Here’s how the tea leaves continue to favor the fortunes of the Houston Astros

Alex Bregman is on a tear. Photo by Rob Carr/Getty Images.

I’m pretty sure that the late Tom Petty was not a Yankees fan, but one of his best songs sure capsulizes the Bronx Bummers these days. I don’t mean “Runnin’ Down A Dream.” Over their last 43 games the Yankees are 17-26. That is “Free Fallin’.” Probably breaks your heart. Over the same time span the Astros have gone 30-16. Their recent hiccup going 7-9 over 16 games was a by comparison trivial slice of schedule. Parlay Astros’ excellence with Yankees’ ineptitude over the last six weeks and there’s been a whopping 11 and a half game swing in the standings. The Astros enter the weekend three and a half games ahead of the Yanks for the top seed in the American League playoffs. The script could re-flip but I doubt it. The Astros have the much easier schedule from here on in, and the clearly better pitching. So, while the Astros’ offense could get shut down and bounced from the playoffs in the Division Series, they are the definite favorites now to win a fourth AL pennant in six years.

The NL looks legit

The National League has three tremendous teams. The Dodgers are obviously the best in baseball at this point. Over their last 43 games the Dodgers are 35-8. Thirty-five and eight! They have multiple superstars and unsurpassed depth. The Mets are outstanding. If Jacob DeGrom’s pitching arm holds up with Max Scherzer’s there is no more preferable starting pitching tandem in the game. Then there are the reigning World Series champion Atlanta Braves, who are merely 50-20 over their last 70 games.

This weekend the Astros are in Atlanta for the first time since the World Series last fall. It’s a three game series that while not at all likely, could certainly be a precursor to another Fall Classic matchup. The last time we had a World Series rematch was the only instance of it occurring in the expansion era (1962 forward). In 1977 and 1978 the Yankees and Dodgers both won their leagues back-to-back, in both years the Yankees won the Series in six. It was in six games that the Braves dispatched the Astros. The biggest storyline of the series was the Astros’ offense getting snuffed in four of the six games. Twice the Astros mustered just two runs, twice they were shutout. Now Astro reliever Will Smith finished them off with a scoreless ninth inning in all four Braves wins. The 2021 Astros’ lineup was better than this season’s edition so the biggest concern about the 2022 Astros is clear as they roll toward their sixth consecutive postseason is. The Astros’ offense is capable but sketchy. They come off a four game series against the White Sox that illustrates the point. Thursday’s 21 run onslaught was fun, but came after a meager output of eight runs total over the first three games of the series.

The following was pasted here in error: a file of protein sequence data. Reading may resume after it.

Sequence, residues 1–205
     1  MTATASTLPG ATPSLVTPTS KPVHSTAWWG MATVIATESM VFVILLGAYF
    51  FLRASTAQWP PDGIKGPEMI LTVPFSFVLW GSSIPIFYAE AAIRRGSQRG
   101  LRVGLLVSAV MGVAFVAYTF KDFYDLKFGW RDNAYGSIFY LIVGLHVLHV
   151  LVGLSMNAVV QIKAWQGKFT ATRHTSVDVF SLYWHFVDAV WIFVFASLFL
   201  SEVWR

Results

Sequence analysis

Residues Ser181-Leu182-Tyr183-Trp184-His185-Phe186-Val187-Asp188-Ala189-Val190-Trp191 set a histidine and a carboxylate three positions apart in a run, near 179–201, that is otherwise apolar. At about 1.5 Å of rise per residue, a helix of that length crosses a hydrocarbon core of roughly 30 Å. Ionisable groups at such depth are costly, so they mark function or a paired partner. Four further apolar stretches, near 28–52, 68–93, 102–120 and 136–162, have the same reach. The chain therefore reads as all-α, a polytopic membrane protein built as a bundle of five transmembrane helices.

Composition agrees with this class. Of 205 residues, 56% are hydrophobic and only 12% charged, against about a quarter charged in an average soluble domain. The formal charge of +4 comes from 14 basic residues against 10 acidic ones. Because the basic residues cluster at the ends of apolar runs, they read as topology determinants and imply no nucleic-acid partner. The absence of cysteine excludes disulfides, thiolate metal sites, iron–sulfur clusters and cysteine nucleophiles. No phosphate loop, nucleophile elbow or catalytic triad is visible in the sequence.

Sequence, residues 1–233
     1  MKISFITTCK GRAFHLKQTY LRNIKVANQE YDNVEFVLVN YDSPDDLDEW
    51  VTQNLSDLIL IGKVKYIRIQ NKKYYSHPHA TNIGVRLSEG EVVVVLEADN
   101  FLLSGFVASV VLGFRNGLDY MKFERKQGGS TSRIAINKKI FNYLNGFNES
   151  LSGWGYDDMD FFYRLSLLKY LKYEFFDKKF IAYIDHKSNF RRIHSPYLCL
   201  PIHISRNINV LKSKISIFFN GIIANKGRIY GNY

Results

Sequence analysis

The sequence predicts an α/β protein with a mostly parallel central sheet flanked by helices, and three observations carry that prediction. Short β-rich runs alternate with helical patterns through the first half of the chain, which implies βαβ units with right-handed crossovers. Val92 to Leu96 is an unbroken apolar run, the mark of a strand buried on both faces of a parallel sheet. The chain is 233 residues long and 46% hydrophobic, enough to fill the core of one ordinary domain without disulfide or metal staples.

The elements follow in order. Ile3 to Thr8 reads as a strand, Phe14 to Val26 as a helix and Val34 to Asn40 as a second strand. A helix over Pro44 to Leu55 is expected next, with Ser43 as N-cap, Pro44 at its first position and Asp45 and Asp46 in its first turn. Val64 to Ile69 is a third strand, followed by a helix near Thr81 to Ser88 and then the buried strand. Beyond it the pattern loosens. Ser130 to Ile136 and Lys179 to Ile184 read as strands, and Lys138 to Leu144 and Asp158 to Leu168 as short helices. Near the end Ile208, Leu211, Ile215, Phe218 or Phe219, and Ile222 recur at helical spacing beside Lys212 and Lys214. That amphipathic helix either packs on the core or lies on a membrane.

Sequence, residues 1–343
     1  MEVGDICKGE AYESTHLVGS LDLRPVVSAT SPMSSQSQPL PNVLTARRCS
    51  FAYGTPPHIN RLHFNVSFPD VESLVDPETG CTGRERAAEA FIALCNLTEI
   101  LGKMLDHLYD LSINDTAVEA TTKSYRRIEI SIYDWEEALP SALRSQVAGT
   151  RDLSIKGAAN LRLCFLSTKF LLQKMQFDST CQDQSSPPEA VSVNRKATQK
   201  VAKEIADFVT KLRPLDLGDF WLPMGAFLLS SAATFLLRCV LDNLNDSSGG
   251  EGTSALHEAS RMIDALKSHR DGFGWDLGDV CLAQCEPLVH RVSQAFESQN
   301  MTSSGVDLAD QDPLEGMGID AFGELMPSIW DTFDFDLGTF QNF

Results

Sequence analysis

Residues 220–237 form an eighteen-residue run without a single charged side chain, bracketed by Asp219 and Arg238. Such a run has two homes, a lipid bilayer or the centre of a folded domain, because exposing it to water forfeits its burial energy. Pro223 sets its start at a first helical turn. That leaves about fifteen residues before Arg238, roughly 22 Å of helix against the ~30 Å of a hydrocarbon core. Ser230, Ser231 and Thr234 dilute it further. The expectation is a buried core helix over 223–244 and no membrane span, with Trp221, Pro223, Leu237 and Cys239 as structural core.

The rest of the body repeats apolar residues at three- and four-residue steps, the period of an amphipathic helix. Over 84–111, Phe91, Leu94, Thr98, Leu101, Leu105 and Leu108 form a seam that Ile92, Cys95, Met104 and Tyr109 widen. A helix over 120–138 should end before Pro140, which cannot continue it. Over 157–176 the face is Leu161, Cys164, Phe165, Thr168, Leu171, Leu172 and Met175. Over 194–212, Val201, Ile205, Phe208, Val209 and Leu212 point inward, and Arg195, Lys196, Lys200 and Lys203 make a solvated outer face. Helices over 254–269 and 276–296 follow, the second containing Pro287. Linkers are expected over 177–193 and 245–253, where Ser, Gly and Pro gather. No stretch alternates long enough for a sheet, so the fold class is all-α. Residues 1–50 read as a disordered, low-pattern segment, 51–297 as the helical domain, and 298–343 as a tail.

Is Breggy back?

While Yordan Alvarez has slumped the last three weeks (last 18 games batting .206 with one homer, OPS lower than Mauricio Dubon and Martin Maldonado season marks), Alex Bregman has gone baseball ballistic. His two doubles two homers for six RBI day in Chicago Thursday has Bregman’s batting average over his last 51 games at .319 with extra base hits galore (18 doubles and 11 homers). Call him a Boy of Summer. Bregman simply wasn’t a very good player through spring. He went to bed June 20 with an OPS of .710. Since the calendar clicked to summer, .994.

Even if grading on a curve given he faced the anemic A’s, Lance McCullers was outstanding in his first start of the season. Start two comes against the vastly better Braves’ lineup Friday night. While it won’t make or break McCullers’s case for a spot in the Astros’ postseason starting rotation, it will be a much more interesting barometer. Saturday the Astros go with their third-best starter this season in Cristian Javier, Sunday it’s number four man Jose Urquidy. Luis Garcia was given an avalanche of run support against the White Sox Thursday but still didn’t last beyond the fifth inning. Garcia is looking increasingly likely to be left off the Division Series roster. It’s not that Garcia is lousy, but over the last two months he's been more lousy than good. Garcia's earned run average of 4.92 over his last dozen starts doesn’t cut it.